How many meetings or events do new members come to? Is there a steady trickle in of new members in the group, and are they sticking around and being supported to get actively involved? For groups to be effective, it is just as important to have a steady stream of new members joining the group, as well as cultivating strategies to support new members to feel connected and valued as they gradually take on responsibilities within the group. At the core of ACF’s organisational goals is growing the movement. To nurture a diverse and robust people-power movement, we need local groups to be welcoming, safe and inclusive spaces that bring in and retain new folk.
Maybe it’s time to run a stall at your community’s local market, or draw on our wonderful database and recruit new folk via phonebanking? Another option to grow your group is to run a welcome night so as to bring new members into your group. For those struggling to retain or attract members, it might be helpful for your group to regularly schedule time to sit down together with the Group Health Checklist. We have just launched an Intro to Equity training, which might help you look deeper at your group’s dynamics and culture to learn what might be influencing the growth of your group - RSVP here!
Also, joining and posting in the People Power Slack channel - feel free to let the Community Helpdesk know you want to be added to these channels! Slack is a great platform to ask questions and seek advice from other groups. At our monthly ACF Community Webinars, we have dedicated time in the network breakout rooms for coaching, training and ongoing support from peers and coaches.
Is your group made up of people from a range of ages, backgrounds and cultures? Does your local group reflect the demographic make-up of your local area or electorate ? Are people in positions of leadership within your group also reflective of this diversity? These are important questions for local groups to sit with. It is the task of individual group members (and the group as a whole) to integrate the strengths and capacities of people from all walks of life, and to ensure everyone is supported equally. This is not easy or quick work. This takes patience, lots of listening and a willingness to learn (about oneself and others). Nature teaches us that diverse ecosystems are stronger, more robust and more able to thrive. For that reason, your group plays an important role in shaping a more inclusive and welcoming movement that advocates for protecting Country, people and creatures big and small. Diversifying our movement is everyone’s responsibility, and we all stand to gain from this!
To support you in learning how to shape a more welcoming and inclusive group and group culture, we are launching Equity training - get in quick and RSVP here! This training has been designed based on extensive consultation within the ACF community to address a priority area for ACF. Bespoke resources will be available in the coming months. Stay tuned!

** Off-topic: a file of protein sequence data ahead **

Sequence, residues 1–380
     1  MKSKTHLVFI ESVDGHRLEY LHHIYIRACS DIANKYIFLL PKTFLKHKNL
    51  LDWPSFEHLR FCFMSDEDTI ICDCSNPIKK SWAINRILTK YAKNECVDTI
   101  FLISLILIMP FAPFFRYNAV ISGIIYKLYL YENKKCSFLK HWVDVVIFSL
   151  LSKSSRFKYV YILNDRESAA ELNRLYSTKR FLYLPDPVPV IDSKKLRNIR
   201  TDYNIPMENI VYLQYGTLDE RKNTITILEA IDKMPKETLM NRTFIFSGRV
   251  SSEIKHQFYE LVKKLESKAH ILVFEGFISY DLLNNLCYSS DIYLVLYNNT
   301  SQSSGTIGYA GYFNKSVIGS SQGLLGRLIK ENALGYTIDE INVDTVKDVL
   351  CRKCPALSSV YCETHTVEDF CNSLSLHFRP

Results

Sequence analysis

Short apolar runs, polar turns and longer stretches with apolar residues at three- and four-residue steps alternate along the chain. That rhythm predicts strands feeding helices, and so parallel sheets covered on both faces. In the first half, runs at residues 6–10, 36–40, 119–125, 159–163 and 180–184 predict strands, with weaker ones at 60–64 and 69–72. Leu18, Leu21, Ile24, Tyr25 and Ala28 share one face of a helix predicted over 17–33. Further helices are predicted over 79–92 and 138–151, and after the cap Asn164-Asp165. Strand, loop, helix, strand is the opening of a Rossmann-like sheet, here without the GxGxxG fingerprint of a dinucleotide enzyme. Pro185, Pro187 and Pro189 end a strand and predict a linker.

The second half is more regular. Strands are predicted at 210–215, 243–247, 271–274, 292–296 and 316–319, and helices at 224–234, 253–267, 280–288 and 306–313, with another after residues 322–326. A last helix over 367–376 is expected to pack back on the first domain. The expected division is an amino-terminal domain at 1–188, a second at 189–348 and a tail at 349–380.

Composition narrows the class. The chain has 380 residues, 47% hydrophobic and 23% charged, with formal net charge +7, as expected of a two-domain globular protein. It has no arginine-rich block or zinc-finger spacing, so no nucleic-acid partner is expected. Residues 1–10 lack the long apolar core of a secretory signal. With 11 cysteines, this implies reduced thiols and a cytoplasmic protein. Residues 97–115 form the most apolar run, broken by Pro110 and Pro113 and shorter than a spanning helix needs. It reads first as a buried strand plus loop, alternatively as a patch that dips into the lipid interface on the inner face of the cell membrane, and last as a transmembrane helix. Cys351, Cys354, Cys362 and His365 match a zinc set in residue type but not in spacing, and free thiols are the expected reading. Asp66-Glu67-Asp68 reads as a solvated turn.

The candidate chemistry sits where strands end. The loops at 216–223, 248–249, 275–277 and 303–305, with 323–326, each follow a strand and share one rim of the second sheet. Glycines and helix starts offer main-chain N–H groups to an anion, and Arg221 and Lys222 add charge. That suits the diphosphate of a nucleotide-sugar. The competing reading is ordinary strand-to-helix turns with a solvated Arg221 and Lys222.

When was the last time a group member stepped up to take more responsibility? How did it go - are they still active in the new role? Do you have ways to support new or existing members to take on new responsibilities and challenges? For groups to function effectively it is important that there are opportunities for group members to learn new skills and cultivate leadership qualities. Healthy people-power movements are developing leaders all the time to support the growth of the community. If you’ve noticed that there is little shared responsibility for tasks, this may be related to having few opportunities to grow emerging leaders within the group. Developing leaders is not easy, and requires planning and commitment from all members, especially those who may be in leadership roles.
Identifying and developing the leadership in others can be supported through having a relational conversation with a group member to step them up, through inviting them to attend training and through coaching them to do a task. If you want to learn more skills to step people up, attend our Introduction to Group Leadership training or apply to attend our Advanced Campaigning and Organising training or one of our Train-the-Trainer programs.
Would your group be able to sustain its current level of activity indefinitely? Are you or another group member feeling burnt out or stretched too thinly? Does your group have fun together? Are there enough opportunities to socialise and build friendships, as well as be productive and achieve your objectives? The work of solving the climate and extinction crisis is a marathon, not a sprint. It is work that involves setbacks, frustrations, and plenty of challenges. But it is also incredibly rewarding work and it has the power to connect us more deeply to one another and to our planet. For these reasons, taking care of ourselves and each other to ensure our work is sustainable and meaningful is of utmost importance.
A great way to support your own reflections, as well as group conversations, about the sustainability of your work is through this blog and resource on Taking Care. It is also worth connecting with the wider ACF community via the monthly Community Webinars. Each month you can see how your work connects to the bigger picture, receive hot-off-the-press updates from Campaigners and leaders in the movement and have opportunities to connect with local people like you who are on the ground doing the work of social change!
How connected are your group members to each other, to other community groups and to ACF staff? Research shows that a movement consisting of varied and far-reaching connections is a stronger movement. If group members are not well connected to each other, or only connected to the leaders of the group or ACF staff, this can lead to a reliance on these people rather than building a sustaining web of relationships for the long haul. A network that expands not just in size but in density of relationships is shown to be more impactful.
A great way to connect with other ACF community groups is through the peer-to-peer coaching program. Slack is also a great tool to reaching out to the wider ACF community. Finding ways to mix up your group roles on a regular basis can also help foster different relationships.
These ten constructs constitute the foundation of how we measure and track Group Health at ACF. Our Group Health Coordinator Fellow (Kate Hardy) is responsible for analysing and writing up all Group Health data, ultimately serving as an objective and neutral voice to both ACF groups and Organisers. In their volunteer capacity, they become someone you can speak honestly and openly with through the annual Group Health Survey. If you have any questions, feel free to contact Kate Hardy.
Header image: Annette Ruzicka